[ID] => 10479
[post_author] => 34
[post_date] => 2019-01-15 09:07:52
[post_date_gmt] => 2019-01-15 09:07:52
[post_content] => Amendment 39-18 of the International Maritime Dangerous Goods (IMDG) Code takes mandatory effect from 1 January 2020 but can be applied on a voluntary basis this year. This latest edition includes further changes to the provisions applicable to the carriage of polymerising substances, following the introduction of a new subdivision in Class 4.1 in Amendment 38-16.
These changes were largely prompted by the explosion and fire aboard the containership MSC Flaminia in the Atlantic Ocean in July 2012. Investigation identified that the origin of the fire was in two tank containers containing divinyl benzene (DVB). The cargo had polymerised spontaneously, generating a large amount of heat that affected other containers. Three crew died in the incident and the financial losses are expected to be at least $280m.
To help improve safety during the carriage of DVB in tank containers, new guidelines have been published by the Cargo Incident Notification System (CINS), the International Group of P&I Clubs (IG) and the TT Club.
The guidelines note two changes that have been introduced into shipping practices for DVB. Firstly, while DVB has been shipped for many years with very few incidents, since 2006 it has tended to be shipped in a higher concentration – 80 per cent (as was the case in the MSC Flaminia incident) rather than 60 per cent. Moreover, it is also being regularly carried in tank containers without temperature control, rather than in drums packed in refrigerated containers.
Since these new practices were introduced, the guidelines say, there has been an increase in the frequency of polymerisation incidents; so far, these have mostly taken place before the cargo has been loaded aboard ship, and most often when the DVB is being shipped from the warmer regions of the US in the summer.
BETTER IN DRUMS
DVB is shipped under UN 3532 if stabilised or UN 3534 if shipped under temperature control. When shipped without temperature control, special provision 386 of the IMDG Code now requires that a risk assessment is carried out to determine if the level of stabilisation is sufficient to prevent the substance from polymerisation. In effect, stabilisation is effective only when the DVB is loaded at a sufficiently low temperature and the total journey time to the receiver is short enough. Ambient temperatures must be taken into account.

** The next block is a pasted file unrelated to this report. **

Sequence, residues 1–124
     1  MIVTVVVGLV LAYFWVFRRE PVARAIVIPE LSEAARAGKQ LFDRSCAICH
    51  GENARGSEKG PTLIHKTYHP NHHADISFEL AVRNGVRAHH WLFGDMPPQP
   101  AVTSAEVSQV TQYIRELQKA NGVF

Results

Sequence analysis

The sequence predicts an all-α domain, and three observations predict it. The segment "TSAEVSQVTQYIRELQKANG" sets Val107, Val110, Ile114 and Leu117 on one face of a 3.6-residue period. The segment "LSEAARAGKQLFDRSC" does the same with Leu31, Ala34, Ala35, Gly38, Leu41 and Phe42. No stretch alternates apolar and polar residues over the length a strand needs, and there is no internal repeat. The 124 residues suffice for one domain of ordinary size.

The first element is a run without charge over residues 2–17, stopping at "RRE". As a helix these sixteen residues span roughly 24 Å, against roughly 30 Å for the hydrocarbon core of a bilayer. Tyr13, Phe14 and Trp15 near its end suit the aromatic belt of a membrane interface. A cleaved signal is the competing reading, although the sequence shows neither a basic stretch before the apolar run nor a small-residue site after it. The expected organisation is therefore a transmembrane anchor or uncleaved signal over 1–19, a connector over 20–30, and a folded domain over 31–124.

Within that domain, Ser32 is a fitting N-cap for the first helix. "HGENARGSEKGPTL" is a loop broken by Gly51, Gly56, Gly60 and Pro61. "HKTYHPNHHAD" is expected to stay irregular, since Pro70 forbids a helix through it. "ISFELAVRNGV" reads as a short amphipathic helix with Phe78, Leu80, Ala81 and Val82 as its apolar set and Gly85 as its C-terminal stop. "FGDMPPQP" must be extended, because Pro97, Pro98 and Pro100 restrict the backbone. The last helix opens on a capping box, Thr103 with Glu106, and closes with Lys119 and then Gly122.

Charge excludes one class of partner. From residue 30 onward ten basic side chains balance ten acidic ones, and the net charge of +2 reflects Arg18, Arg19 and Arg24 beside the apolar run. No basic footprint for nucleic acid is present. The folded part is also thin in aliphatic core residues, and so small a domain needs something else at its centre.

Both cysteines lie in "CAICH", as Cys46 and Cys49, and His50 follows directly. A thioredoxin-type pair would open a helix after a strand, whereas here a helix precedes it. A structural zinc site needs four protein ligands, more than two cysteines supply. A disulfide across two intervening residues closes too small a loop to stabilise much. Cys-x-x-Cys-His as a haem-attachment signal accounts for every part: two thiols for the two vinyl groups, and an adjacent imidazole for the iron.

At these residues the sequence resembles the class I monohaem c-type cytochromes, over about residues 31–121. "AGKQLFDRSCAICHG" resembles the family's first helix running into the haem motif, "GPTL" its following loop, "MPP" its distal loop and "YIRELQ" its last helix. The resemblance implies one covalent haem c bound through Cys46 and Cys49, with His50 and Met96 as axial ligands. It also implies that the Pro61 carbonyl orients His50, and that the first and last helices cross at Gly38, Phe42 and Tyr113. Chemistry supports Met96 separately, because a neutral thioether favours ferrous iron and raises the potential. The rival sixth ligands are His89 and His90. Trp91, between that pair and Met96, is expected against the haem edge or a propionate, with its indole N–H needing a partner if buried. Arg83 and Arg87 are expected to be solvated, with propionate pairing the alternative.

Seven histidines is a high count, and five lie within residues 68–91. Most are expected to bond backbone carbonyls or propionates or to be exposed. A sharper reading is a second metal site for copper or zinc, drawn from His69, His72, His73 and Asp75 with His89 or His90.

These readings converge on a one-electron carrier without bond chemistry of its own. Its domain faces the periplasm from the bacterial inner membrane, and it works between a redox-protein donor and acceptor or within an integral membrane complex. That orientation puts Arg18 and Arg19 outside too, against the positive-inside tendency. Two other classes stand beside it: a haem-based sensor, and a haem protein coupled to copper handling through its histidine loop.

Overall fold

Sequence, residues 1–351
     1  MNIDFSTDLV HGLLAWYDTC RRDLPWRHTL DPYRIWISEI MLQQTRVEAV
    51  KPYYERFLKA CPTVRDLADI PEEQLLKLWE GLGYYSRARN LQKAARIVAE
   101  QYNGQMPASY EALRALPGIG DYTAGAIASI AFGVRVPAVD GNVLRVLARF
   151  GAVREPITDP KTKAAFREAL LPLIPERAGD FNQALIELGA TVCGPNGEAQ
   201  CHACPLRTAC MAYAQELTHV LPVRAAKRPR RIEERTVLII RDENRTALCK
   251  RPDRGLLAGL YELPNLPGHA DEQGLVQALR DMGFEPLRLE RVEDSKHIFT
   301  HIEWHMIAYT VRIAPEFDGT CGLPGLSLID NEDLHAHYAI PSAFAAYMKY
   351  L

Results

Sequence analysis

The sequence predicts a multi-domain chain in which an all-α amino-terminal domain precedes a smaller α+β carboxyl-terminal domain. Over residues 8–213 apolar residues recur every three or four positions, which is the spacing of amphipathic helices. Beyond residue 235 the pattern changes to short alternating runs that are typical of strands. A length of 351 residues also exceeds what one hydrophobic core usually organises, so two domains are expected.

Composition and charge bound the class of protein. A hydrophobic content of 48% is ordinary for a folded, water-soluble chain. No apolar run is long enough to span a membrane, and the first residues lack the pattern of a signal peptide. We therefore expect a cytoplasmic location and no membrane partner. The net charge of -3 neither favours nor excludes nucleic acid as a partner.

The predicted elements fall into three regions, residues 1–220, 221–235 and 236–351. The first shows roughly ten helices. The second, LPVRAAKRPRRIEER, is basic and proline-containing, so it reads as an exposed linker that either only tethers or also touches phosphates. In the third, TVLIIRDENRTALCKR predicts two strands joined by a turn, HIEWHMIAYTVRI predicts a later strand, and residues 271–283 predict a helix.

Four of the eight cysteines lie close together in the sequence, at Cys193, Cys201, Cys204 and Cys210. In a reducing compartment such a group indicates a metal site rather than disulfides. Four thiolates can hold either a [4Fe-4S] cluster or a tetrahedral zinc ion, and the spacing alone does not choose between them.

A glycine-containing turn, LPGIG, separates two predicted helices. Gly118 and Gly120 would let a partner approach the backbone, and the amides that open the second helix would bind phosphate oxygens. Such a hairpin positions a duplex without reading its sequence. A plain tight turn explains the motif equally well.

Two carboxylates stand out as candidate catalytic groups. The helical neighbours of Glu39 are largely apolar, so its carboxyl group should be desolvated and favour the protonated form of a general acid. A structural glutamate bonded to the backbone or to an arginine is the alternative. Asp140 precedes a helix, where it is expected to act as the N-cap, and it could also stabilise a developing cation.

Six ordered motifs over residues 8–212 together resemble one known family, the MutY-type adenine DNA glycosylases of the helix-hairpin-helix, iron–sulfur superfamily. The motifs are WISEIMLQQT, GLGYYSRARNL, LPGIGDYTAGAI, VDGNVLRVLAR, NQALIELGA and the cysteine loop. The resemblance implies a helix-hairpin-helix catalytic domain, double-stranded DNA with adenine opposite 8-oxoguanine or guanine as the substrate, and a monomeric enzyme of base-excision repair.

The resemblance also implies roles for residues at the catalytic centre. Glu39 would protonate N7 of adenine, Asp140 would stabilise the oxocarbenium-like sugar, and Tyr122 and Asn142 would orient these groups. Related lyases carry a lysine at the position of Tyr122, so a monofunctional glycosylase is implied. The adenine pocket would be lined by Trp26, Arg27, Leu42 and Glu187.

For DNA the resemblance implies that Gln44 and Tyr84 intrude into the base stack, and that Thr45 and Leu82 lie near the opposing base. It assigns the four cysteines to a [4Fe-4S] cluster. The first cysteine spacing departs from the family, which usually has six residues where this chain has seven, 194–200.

The guidelines say that the inhibitors most commonly used to prevent polymerisation in DVB require oxygen in order to work and begin to break down and become ineffective at temperatures above 27˚C; some shippers now chill DVB before loading into a tank container and endeavour to arrange transport so that the journey time is short enough to avoid polymerisation.
However, the guidelines strongly recommend that DVB is only carried in drums in a refrigerated container, or in a refrigerated tank container.
One other vital issue that emerged from the MSC Flaminia case is the importance of all parties in the supply chain having access to information on all aspects of the cargo. This should include all assumptions made by the shipper, so that the carrier can make appropriate provisions for the transport of the cargo.
The guidelines are available from the CINS website.
[post_title] => Divinyl benzene: Chill out
[post_status] => publish
[comment_status] => open
[ping_status] => open
[post_name] => divinyl-benzene-chill
[post_modified] => 2019-01-14 17:12:39
[post_modified_gmt] => 2019-01-14 17:12:39
[post_parent] => 0
[guid] => https://www.hcblive.com/?p=10479
[menu_order] => 0
[post_type] => post
[comment_count] => 0
[filter] => raw
Divinyl benzene: Chill out
// By Peter Mackay on 15 Jan 2019
The risks posed by divinyl benzene in maritime transport have been recognised; industry guidance now explains how to carry it safely